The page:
• If the backup timer is not configured correctly a notification is sent out reporting this. A common situation where this occurs is if the Abel database is moved to a different folder location or server, in this case Abel automatically disables the backup timer and so requires a user to reactivate it. The reason we disable it is most clients who have a test system will occasionally take a copy of their production database to replace their test database, and we don’t want the test system backing up over the top of the production system backup.

How do you know if a backup is in progress?

The System Backup Maintenance screen displays real time information about a backup that is in progress. The top entry in the history table will display information about the backup that is in progress. The status of the backup and which file is currently getting backed up are displayed. If the backup completes successfully without any errors the Status column will display Backup Completed. If the backup fails for any reason the status of the backup will display Failed and information about the error is displayed in the error column.

Hopefully after reading this you will have gained a better understanding of the Abel backup process and how to check your own setup.

Again your feedback is welcome so do post a comment if you have any questions.

In Part 3 I will cover how the journal file location can affect performance.

Posted in Abel Blog | Tagged , , , , |

Responding to the tragedy in Christchurch

Almost nothing in living memory will have affected as many New Zealanders as this week’s catastrophic earthquake in Christchurch. Given Abel’s own roots in Christchurch, this has been something we have felt keenly. Our thoughts go out to all the families who have lost loved ones, to anyone still waiting on news of people who are missing and to everyone working to provide relief and get the city on its feet again.

Times like this of course bring people together. It has been great to see so many people offer help and support. One fund that we have contributed to is the Christchurch Mayoral Fund. We’d urge you to make a donation if you can give anything at all.

Posted in Abel Blog | Tagged , |

When was the last time you checked your Abel backup?

If the answer is “I don’t know” then this series of articles is for you.

If you don’t already know, Abel is built in Jade which has a purpose-built object-orientated database. For more information on Jade check out the Jade website.

The first thing I want to stress is that different rules apply when backing up an online database such as Jade. A backup that is performed while the database is active for both read and write access is referred to as a ‘full online’ or ‘hot’ backup. Because the database can be updated during the backup, special begin and end backup records are required to be written to the Jade database transaction journal, to bind the backup operation. So if you’re using third party backup software to backup the .dat and/or current journal files in an online Jade database then, in the words of our Managing Director, “you should be shot!” and I agree.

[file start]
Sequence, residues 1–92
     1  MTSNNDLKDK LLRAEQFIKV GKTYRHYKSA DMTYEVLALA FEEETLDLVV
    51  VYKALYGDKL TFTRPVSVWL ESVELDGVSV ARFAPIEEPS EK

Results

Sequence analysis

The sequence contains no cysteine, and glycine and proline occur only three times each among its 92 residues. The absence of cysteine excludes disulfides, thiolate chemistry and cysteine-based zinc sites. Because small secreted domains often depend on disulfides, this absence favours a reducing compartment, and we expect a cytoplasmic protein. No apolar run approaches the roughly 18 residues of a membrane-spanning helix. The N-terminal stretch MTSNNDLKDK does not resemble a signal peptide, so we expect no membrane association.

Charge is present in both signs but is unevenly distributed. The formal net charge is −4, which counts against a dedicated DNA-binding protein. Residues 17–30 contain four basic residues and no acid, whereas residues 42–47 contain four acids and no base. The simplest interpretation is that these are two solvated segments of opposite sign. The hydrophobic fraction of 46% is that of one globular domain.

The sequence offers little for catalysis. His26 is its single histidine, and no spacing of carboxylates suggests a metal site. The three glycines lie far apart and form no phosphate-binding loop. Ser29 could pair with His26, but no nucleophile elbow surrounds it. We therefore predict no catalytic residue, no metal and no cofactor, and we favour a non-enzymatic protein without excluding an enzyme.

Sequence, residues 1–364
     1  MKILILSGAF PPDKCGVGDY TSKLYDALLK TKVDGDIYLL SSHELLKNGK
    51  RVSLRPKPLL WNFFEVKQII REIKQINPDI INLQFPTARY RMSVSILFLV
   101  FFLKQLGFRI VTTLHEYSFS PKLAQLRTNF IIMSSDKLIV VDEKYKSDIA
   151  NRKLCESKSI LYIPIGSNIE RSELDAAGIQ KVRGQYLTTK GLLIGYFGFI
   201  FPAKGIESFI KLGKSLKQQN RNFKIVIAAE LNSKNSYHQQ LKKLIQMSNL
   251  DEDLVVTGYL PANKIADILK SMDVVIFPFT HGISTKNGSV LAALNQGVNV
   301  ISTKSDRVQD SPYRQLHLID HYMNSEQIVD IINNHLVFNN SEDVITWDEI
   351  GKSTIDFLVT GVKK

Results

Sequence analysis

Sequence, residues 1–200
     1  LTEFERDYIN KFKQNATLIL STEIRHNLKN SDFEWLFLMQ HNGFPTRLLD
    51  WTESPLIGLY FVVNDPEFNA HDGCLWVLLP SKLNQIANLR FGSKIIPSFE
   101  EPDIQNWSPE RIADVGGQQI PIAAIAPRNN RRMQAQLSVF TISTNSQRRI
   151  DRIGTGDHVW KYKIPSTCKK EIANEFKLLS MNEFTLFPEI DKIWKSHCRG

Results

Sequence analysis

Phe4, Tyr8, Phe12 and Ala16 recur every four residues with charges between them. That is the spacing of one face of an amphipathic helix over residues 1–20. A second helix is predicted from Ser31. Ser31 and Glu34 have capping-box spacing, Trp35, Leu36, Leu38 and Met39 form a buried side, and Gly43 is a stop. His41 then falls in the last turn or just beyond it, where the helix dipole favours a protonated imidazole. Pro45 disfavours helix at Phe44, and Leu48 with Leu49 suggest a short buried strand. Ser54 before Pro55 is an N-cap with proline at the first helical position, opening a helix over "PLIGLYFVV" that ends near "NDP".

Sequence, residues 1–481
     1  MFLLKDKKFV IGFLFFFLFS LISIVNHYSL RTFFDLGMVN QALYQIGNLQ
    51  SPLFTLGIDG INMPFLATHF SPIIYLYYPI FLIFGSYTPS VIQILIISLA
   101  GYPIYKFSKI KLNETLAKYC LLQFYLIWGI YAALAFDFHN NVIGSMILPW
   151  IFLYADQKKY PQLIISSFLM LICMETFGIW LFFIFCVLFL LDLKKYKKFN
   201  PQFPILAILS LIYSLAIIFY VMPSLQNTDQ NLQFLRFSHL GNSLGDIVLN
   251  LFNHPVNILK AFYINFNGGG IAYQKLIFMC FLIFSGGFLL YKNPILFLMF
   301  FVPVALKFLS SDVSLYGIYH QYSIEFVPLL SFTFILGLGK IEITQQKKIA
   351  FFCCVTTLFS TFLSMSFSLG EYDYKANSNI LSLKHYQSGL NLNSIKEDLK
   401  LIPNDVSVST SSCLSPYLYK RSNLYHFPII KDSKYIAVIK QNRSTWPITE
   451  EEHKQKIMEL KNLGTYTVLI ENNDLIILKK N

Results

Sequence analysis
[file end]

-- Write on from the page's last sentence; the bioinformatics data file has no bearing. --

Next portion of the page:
There are only two acceptable ways to backup an online Jade database:

  • Using an integrated backup application that utilizes the Jade database administration framework.
  • Using Jadecare – Jadecare is a Jade environment management tool produced by the folks at Jade. Click here for more information on Jadecare.

Ok so it’s just been pointed out to me that there are actually 3 ways.. you can also take the database down (ie. closing the Abel application server) and copy the database and journal files manually to whatever location or device you desire. This of course is not an online database backup but its perfectly acceptable.

Within Abel is a comprehensive backup solution that utilizes the Jade database administration framework. Here are a couple of the most important Abel backup features that are crucial to understand and implement:

  • Success and failure notifications: When a backup runs, notifications can be sent to two email addresses and/or two internal Abel users, reporting the success or failure of a backup. Additionally, and independently, Abel constantly checks when the last backup was run; if backups that should have been performed are missed, notifications are sent out reporting this.
  • Journal backup folder: When the current journal file is closed and a new one started, a compressed copy of the closed journal is copied to this folder. This folder should be on a different physical disk to your current database journals. An ideal setup is having your database (.dat files) and journals backup folder on one physical disk/array and your current journals folder on another.

Watch out for Part 2 of this series. In it I will go into detail on how the Abel backup works, how to set it up, how to test it and how the journal file location can affect performance.

Your feedback is welcome so do post a comment if you have a question or something to add.

Posted in Abel Blog | Tagged , , |

Installations in China and Ireland to start 2011

Happy New Year! And already 2011 has got off to a very good start at Abel with software installations for new Abel users in Suzhou, Jiangsu province China, and in Dublin, Ireland now underway.

The installation in China is for a member of an existing global Abel client network. The Irish installation marks a further success for newly-formed Abel distributor, Quickstone Software, based in the US, in continuing to take Abel software to new users. It also marks a new development in applying Abel ERP functionality to generating savings and efficiencies in hospital management systems.

Our colleagues at Quickstone in particular are getting very positive feedback from organisations who see good potential gains in using Abel Distribution and Supply to improve visibility and efficiency in ordering and supply. This is an exciting development for us, and we’ll keep you posted.

Posted in Abel Blog | Tagged , , , |

Merry Christmas from the Abel team!

Merry Christmas and Best Wishes for 2011 from the team at Abel Software.

As 2010 winds up, it’s a chance to look back on how the year shaped up for us here at Abel Software. Notably, our development team has achieved some fairly substantial milestones this year. One of our key achievements was the release of Abel 5.0 which was a mammoth effort by the guys, with over 1000 screens being re-painted to enable intelligent resizing when a screen is stretched. And while we were at it, we gave them a face lift and added a bit more width, which looks great on wide screen monitors. The project was the culmination of several months work and, as I’m sure you can appreciate, we were excited to see the end result.